Kane, Paul. 1859. "Wanderings of an Artist among the Indians of North America." London: Longman, Brown, Green, Longmans, and Roberts. [PDF]
Notes: Irish-Canadian portraitist inspired by Catlin and supported by HBCo. Travelled the Northwest 1845-8. Visit to Red River begins Ch. 4 with account of carts (p. 76) and hunt (77ff). Images include View (74) and Buffalo (143). See also paintings at National Gallery of Canada and Royal Ontario Museum.

Kelland, Lara. 2000. "Bibliography of Historical Resources for Northeast Minneapolis." Prepared for the Mississippi Corridor Neighborhood Coalition. Minneapolis: Neighborhood Planning for Community Revitalization/CURA. [PDF, in DBx]
Notes: List of historic properties above the falls. Develop for our purposes.

Kohn, Bruce A. 2012. "Dakota Child, Governor’s Daughter." Mendota, MN: Friends of the Sibley Historic Site. [HCL-ILL]
Notes: Helen Sibley was the daughter of Henry Hastings Sibley and a Dakota woman known as Red Blanket Woman (Tahshinahohindoway). The book explores her marginal position as a way of understanding Minnesota at statehood.

Krech, Shepard, III. 1999. "The Ecological Indian: Myth and History." New York: Norton. [UMN, GBks]
Notes: See Ch. 5 “Buffalo.”

Marble, Manton. 1860-61. "To Red River and Beyond." New York: Harper and Brothers. [PDF]

Mattson, E. Neil. 1958. "Red River Oxcarts Trek Historic Pembina Trail." Warren, MN: Marshall County Statehood Centennial Committee. [HCL, PDF, DBx]
Notes: Pamphlet for Minnesota Centennial celebrations, a companion to Hagen’s trek.

McCann, Loretta, and Lorraine Hilger. about 1986. "Dan McCann and Margaret McCann and their descendants," family genealogy (from John Aaron Theis, descendent of Charles Joseph Bottineau (Sr.), Techomehgood).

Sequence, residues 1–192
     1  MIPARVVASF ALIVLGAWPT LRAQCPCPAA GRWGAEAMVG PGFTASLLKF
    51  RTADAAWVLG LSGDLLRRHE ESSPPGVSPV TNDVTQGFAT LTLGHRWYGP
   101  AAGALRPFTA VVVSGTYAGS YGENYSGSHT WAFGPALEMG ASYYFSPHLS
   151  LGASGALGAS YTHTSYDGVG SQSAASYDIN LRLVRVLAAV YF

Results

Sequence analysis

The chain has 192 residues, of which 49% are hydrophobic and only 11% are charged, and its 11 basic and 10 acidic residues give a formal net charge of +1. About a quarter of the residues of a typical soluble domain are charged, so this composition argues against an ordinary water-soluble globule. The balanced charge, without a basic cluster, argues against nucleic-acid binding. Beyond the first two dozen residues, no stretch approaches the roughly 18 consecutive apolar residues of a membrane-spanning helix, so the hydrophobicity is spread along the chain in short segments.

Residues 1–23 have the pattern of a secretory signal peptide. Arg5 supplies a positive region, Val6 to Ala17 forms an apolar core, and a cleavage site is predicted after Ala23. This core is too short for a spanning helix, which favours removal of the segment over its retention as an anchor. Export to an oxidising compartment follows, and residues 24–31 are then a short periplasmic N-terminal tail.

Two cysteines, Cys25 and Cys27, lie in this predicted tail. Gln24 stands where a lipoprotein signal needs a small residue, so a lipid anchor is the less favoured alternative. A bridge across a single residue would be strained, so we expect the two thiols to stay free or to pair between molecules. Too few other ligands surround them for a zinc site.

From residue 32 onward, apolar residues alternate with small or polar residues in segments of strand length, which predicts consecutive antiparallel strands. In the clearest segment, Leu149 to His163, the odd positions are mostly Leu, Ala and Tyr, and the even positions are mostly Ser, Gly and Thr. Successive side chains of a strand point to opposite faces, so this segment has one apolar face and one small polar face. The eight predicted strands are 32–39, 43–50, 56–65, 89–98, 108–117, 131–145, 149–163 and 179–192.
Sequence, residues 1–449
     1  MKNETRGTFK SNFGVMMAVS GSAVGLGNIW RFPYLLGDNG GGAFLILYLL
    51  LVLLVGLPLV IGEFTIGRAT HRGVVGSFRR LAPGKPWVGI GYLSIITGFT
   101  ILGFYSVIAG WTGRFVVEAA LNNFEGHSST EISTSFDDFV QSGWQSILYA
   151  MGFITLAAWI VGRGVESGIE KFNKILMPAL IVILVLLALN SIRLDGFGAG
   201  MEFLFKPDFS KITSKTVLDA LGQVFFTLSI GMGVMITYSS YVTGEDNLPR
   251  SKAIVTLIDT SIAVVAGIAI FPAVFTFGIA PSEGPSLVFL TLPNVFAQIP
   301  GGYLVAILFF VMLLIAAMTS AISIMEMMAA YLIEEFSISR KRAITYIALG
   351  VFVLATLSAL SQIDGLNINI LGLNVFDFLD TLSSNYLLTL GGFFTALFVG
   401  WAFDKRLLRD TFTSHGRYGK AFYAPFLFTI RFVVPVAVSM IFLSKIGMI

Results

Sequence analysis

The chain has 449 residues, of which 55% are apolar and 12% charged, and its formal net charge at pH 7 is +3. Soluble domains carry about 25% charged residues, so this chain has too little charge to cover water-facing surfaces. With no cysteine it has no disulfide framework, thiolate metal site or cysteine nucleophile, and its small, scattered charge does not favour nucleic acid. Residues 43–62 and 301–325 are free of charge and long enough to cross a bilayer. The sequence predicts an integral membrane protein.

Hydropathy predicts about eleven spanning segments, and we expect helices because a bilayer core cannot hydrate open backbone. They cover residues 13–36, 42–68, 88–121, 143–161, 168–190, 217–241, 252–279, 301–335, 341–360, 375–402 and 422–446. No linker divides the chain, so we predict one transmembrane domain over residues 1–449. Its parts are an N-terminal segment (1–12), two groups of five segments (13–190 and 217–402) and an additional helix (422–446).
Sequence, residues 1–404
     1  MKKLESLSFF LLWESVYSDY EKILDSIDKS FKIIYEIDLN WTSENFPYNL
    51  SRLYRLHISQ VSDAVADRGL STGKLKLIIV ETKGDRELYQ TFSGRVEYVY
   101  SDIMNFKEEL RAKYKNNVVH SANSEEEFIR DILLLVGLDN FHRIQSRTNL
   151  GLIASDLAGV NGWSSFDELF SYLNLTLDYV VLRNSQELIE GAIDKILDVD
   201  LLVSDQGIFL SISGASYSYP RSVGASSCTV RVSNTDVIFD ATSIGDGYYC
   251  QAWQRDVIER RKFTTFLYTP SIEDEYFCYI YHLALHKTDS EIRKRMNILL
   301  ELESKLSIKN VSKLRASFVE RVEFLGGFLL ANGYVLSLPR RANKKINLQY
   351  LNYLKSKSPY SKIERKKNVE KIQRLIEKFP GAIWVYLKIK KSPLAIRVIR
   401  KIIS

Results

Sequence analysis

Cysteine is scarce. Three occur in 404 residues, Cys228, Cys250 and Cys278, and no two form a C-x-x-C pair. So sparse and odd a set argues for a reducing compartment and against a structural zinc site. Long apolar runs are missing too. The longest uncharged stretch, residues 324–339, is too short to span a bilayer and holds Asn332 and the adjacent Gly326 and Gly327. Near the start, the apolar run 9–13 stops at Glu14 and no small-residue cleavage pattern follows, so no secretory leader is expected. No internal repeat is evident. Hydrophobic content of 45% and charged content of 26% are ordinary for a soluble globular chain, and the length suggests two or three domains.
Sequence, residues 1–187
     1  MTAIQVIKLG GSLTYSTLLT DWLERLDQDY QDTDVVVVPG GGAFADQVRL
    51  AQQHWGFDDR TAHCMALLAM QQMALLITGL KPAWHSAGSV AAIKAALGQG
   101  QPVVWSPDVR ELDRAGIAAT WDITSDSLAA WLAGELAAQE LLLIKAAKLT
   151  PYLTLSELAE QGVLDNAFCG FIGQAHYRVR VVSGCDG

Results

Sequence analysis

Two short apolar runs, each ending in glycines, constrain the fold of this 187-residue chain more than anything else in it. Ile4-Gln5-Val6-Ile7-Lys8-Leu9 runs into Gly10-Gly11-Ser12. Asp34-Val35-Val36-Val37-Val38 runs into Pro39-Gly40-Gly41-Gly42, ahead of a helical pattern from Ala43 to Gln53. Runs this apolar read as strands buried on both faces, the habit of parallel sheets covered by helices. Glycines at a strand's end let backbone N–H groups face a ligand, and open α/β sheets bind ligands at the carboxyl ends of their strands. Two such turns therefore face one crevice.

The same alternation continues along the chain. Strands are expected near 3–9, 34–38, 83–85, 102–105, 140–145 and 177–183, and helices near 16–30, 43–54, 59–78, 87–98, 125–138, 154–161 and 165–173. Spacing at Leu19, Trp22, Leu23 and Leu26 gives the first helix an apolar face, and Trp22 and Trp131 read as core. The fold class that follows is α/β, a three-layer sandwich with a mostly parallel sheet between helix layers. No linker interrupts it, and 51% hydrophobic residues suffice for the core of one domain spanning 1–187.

Morin, Gail. 1996. "Metis Families: A Genealogical Compendium." Pawtucket, RI: Quintin Publications.

Morris, Lucy Leavenworth. 1914. "Old Rail Fence Corners." Austin, MN: The F.H. McCulloch Printing Co. [GBks, PDF]
Notes: Pioneer memories, esp. of St. Anthony area. Ch. 1 is on old trails. Use (see JS notes).

Neill, Edward D., and J. Fletcher Williams. 1881. "History of Hennepin County and the City of Minneapolis: Including the Explorers and Pioneers of Minnesota, and Outlines of the History of Minnesota. Minneapolis": North Star Publishing Company. [HCL, PDF]
Notes: Use for settlement of Upper St. Anthony and Marshall Terrace at end of our period.

Nute, Grace Lee. 1925. “The Red River Trails.” Minnesota History 6(3):279-282. [PDF]
Notes: Good map of trails – not too detailed, could reproduce well to show network of routes.

Ostby, Orlin. 2008. "Pum & The Pembina Trail - Part of the Minnesota Sesquicentennial Celebration." http://pembinatrail.blogspot.com.

Payment, Diane Paulette. 2001. “Plains Métis.” In "Handbook of North American Indians," Vol. 13, Pt. 1, edited by Raymond J. DeMaille, 661-674. [PDF, DBx]
Notes: See also entries in other volumes for Canada, contemporary issues, etc. [PDF]

Peterson, Jacqueline, and Jennifer S. H. Brown, eds. 1985. "The New Peoples: Being and Becoming Métis in North America." Lincoln: University of Nebraska Press. [UMN]

Pritchett, John Perry. 1942. "The Red River Valley, 1811–1849: A Regional Study." New Haven: Yale University Press. [UMN]